that custom development would not make sense unless you're building a
compatible product for market- an in-house actuator control bus should
use readily available off-the-shelf modules from any one of dozens of
Yes, I was quite surprised to see that. I had
imagined some sort of dc rail, modulated with
an mf two-tone (or something). Using a full
bipolar switching scheme seems a hard way to
go about it.
However it seems that the model railway market
is all going DCC, so that's the way my pal will
have to go as well.
If you do that, the micro gets something like this on its input:
---- ------- ------------------------
U1 turns that into:
Which is very like the other unit's TXD signal.
If the micro has an ADC you could perhaps do without the U1.
Yes and sold it to someone. The circuit was a little different because we
used an LT1081 to make the signal from the micro bigger and stronger and
attempted to cancel the self signal (the micro hearing its self).
It was about 100% for one side only transmitting. The self signal
cancelation was a bad idea. It is better, if you can, just to only have
one side talk.
How about the following circuit
DC source ----))))))))----------o-------------- To others
or load !
! Micro TXD!---! !
! ! ! ! R3
! RXD!---o------------o----/\/\/----! GND
The high pass filter R2,R3,C should work with reasonable (R2+R3)*C time
constant, i.e. should carry over everything from first harmonic, which
is BR/N, where N = databits+stopbits+startbits.
Let's consider 2 extreme cases, one with all bits ones and one with all bits
zeroes for 8N1.
In case of all zeroes (8N1):
!-! !-! !-!
! ! ! ! ! !
-!-! !-!-!-!-!-!-!-!-!-! !-!-!-!-!-!-!-!-!-! !-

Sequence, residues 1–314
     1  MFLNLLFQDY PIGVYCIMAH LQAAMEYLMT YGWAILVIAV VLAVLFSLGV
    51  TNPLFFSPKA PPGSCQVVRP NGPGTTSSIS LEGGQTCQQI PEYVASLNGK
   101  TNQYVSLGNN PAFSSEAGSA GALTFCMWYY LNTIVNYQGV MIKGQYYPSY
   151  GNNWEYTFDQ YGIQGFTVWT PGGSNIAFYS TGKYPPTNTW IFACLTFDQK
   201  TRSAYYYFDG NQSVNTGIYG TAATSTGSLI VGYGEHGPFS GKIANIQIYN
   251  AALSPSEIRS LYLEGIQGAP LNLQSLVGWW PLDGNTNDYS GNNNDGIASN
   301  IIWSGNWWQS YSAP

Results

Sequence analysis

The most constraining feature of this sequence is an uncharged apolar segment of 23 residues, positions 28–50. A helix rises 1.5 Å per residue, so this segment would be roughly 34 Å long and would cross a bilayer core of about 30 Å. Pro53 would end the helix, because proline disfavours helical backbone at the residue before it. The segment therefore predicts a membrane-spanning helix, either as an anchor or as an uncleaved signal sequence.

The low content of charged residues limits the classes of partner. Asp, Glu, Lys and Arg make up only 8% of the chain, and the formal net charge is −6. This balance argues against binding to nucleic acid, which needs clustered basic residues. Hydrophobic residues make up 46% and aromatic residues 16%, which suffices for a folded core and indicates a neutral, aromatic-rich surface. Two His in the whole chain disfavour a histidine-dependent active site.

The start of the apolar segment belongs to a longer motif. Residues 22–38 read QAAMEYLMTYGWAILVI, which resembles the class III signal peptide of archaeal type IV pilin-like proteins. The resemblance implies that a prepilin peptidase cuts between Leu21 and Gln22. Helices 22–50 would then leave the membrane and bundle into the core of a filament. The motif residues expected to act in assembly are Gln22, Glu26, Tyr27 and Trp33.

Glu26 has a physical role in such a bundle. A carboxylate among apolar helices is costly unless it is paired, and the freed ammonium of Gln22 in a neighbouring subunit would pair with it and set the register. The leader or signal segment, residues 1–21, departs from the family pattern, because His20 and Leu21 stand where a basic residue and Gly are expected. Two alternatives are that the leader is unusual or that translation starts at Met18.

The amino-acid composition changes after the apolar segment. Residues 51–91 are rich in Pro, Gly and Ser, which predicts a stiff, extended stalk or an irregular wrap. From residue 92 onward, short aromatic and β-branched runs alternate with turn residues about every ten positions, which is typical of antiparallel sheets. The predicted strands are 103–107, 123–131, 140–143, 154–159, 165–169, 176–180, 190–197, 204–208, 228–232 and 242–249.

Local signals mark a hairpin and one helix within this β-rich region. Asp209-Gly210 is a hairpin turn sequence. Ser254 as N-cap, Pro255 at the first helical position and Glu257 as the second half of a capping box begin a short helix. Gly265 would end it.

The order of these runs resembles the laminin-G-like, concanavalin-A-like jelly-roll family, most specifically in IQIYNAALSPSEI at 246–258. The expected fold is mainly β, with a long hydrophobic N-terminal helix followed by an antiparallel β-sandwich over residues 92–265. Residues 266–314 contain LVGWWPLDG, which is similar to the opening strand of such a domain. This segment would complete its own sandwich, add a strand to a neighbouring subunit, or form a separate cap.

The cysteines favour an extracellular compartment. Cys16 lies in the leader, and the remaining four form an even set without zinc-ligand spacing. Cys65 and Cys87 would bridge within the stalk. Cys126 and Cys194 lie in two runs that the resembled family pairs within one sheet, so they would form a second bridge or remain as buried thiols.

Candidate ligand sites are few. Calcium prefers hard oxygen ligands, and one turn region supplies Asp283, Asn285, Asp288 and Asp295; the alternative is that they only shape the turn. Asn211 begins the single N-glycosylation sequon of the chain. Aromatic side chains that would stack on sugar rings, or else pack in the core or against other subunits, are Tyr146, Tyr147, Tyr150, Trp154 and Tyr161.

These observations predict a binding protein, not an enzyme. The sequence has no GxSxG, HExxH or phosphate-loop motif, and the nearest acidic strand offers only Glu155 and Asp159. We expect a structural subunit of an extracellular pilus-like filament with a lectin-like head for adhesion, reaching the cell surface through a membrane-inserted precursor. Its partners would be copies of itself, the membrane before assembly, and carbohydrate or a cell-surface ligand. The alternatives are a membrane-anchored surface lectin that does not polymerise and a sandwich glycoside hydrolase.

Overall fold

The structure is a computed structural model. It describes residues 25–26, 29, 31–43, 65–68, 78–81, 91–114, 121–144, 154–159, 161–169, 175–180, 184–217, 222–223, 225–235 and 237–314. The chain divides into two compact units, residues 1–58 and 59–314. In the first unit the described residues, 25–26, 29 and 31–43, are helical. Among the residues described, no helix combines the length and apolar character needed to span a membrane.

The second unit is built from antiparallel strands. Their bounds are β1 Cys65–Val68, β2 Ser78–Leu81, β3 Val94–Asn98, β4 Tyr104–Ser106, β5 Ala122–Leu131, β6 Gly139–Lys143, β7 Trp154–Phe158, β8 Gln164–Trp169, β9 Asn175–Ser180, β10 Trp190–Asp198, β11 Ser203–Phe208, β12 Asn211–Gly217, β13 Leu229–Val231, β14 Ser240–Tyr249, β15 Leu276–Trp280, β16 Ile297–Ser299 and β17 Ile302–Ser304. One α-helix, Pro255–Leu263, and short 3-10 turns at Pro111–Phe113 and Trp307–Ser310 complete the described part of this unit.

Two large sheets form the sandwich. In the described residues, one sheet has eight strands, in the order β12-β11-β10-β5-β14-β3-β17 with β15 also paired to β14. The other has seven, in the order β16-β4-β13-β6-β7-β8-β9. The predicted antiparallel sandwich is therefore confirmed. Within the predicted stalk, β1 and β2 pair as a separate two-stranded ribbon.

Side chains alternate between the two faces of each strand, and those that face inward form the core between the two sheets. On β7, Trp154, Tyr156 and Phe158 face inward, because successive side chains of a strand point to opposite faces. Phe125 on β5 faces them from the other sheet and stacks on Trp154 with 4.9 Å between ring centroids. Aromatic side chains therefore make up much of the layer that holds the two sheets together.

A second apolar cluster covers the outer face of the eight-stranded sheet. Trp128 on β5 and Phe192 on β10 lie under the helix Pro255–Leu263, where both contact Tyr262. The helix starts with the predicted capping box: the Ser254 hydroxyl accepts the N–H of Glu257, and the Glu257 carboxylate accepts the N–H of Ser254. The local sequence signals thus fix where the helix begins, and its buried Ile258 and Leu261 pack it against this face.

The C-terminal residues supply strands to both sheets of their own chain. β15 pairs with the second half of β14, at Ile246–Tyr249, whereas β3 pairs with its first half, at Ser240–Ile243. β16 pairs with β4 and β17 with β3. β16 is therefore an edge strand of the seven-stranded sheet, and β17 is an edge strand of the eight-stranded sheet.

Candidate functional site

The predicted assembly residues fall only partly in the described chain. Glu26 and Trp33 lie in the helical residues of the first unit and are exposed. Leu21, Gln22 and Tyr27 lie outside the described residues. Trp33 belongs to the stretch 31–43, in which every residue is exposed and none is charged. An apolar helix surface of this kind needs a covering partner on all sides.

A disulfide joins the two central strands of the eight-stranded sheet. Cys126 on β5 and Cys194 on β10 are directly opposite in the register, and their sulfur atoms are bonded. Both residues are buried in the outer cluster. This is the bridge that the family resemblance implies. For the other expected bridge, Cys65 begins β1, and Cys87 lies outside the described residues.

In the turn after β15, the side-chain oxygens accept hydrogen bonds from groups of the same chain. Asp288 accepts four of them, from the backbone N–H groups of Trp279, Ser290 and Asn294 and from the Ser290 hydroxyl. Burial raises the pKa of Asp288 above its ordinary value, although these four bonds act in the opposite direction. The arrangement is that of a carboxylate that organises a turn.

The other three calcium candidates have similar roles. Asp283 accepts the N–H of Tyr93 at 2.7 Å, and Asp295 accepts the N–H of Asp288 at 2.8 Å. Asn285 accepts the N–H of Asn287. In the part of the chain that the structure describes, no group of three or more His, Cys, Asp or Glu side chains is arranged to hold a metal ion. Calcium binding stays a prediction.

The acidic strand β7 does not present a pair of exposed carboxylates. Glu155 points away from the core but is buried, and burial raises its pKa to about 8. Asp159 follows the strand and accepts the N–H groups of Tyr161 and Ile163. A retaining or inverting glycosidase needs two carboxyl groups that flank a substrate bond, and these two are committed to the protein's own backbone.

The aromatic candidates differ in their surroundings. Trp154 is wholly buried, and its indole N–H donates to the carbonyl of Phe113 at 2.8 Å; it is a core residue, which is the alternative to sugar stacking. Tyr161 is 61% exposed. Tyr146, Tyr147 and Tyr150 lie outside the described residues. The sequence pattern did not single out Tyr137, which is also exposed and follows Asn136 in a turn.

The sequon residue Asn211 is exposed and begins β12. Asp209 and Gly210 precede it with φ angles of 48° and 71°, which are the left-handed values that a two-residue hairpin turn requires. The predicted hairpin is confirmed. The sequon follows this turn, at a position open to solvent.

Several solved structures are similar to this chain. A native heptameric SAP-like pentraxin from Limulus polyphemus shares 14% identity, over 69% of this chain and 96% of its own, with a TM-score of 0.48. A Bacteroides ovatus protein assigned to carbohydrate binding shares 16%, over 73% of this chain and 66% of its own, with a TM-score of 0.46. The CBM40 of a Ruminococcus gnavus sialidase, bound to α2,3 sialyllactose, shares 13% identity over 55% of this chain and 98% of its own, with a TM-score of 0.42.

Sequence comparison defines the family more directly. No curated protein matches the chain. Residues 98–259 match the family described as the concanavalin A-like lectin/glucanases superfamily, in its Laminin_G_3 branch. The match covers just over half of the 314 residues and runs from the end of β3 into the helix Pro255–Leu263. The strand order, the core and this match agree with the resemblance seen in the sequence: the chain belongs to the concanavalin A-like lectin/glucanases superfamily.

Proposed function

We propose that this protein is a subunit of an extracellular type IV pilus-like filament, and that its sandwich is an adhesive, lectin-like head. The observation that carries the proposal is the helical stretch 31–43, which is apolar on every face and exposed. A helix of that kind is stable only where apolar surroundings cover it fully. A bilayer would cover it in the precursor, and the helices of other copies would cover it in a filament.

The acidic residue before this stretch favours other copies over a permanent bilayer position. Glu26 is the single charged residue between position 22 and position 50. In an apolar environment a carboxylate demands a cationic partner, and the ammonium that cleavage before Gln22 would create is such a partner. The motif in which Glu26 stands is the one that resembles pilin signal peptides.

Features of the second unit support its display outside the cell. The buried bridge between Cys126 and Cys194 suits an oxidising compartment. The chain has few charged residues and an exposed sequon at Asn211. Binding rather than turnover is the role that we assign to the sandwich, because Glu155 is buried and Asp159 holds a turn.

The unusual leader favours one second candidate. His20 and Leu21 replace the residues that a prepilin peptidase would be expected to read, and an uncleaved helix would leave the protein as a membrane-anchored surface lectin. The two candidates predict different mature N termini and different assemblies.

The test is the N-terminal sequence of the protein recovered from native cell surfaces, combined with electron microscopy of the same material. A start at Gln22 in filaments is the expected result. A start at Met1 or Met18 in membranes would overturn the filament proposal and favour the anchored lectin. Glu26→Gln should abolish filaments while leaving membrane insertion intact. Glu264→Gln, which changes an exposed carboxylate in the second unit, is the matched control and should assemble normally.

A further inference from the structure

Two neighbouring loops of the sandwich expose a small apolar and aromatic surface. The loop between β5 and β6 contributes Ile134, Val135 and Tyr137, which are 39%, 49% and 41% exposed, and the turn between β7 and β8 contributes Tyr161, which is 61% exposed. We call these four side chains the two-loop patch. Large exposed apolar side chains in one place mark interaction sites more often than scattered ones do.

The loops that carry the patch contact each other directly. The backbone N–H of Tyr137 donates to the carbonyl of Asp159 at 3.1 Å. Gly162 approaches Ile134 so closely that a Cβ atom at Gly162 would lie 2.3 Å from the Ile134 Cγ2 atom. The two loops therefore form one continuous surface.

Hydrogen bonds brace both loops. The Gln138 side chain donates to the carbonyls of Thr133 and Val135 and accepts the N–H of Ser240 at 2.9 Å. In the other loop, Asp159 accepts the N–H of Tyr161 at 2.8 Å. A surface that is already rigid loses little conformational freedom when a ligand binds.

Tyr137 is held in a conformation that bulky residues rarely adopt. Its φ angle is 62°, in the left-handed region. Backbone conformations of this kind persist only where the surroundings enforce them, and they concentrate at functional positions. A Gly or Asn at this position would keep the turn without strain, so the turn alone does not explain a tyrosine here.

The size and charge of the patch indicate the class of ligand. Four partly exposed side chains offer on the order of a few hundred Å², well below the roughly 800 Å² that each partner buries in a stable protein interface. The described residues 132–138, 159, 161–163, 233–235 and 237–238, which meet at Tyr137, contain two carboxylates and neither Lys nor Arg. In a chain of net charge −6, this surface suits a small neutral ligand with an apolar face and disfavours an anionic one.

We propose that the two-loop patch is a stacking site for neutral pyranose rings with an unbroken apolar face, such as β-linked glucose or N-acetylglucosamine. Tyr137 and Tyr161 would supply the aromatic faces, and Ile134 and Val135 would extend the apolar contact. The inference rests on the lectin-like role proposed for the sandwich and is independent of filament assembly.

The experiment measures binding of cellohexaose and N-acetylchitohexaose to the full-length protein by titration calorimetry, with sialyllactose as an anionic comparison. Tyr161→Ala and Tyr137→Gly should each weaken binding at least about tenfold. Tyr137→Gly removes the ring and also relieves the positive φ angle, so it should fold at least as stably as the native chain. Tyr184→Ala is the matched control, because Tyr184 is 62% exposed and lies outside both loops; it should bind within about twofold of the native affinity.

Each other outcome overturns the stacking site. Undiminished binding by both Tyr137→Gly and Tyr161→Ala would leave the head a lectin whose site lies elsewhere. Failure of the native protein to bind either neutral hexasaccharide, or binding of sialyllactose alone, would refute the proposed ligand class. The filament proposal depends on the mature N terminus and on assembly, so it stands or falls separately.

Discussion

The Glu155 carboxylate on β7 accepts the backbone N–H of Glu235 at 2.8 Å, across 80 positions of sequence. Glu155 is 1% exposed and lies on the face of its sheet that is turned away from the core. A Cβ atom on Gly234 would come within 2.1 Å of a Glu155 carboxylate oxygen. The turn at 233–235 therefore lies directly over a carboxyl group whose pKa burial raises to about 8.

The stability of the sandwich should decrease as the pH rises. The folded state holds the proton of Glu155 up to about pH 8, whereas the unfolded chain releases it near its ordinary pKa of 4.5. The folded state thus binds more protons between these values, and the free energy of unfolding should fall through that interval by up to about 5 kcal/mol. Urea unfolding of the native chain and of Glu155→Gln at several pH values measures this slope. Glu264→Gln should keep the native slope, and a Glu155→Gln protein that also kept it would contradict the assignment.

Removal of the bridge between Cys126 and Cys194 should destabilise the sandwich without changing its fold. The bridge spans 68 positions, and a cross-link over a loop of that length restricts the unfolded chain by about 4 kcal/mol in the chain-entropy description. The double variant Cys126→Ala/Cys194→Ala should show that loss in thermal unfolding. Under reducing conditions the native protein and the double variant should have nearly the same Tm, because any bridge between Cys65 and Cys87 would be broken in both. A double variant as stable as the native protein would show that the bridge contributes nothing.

x S x S x S
S = Start Bit
x = Stop Bit
DC component of 1/10th signallig voltage will be stripped
1st harmonic of BR/10 and everything above will be carried over.
Microcontroller will receive correct data. The recessive state will be
In case of all ones:
!-!-!-!-!-!-!-!-!-! !-!-!-!-!-!-!-!-!-! !-!-
! ! ! ! !
-!-! !-! !-!
x S x S x S
DC component of 9/10th signallig voltage will be stripped (too bad)
1st harmonic of BR/10 and everything above will be carried over.
The recessive state will be negative, the dominant state will be slightly
over ground. Microcontroller would not receive correct data unless DC
component is restored.
As for restoring DC component, one example I can think of is if R2
I used a pre-packaged interface card for Fisher Delta-V and field
hardware from peperyl-fuchs. The valves didn't cost any more with ASI
vs solenoids and limit switches. The other expense was the repeater
for long distance ~$500
A reasonable line code is to try injecting frequency division
multiplexed signals over 2 MHz to 10 MHz - transmitting at a quiet
part of the spectrum. At base level: 1 is a sinewave on, 0 is a
sinewave off. A reasonable self-clocking constant rate line code is to
use 1011 as 0 and 1010 as 1. Error correction would be performed by
repeating packets larger and larger number of times in succession
until a successful acknowledgement came back. The baud rate would
depend again on the channel capacity - i.e. the SNR and could vary
from 1 Mb/s down to 100 b/s. Just scan through the frequencies with a
mixer suppressing image response by the phasing method and a suitable
IF strip, followed by the final mixer and ADC. Just scan through the
frequencies for activity. A packet would be bit reversed and be
preceded by a framing preamble and would have a MD5 (or SHA1)
checksum. There would be a 64 bit packet sequence number and a 64 bit
packet type. Acknowledgement packets would give a list of packet
sequence numbers. Acknowledgement packets would be acknowledged. There
would be sliding windows.
That's all you need for a reliable point-to-point link over power -
DEC or AC connections.
"Buses are bosons."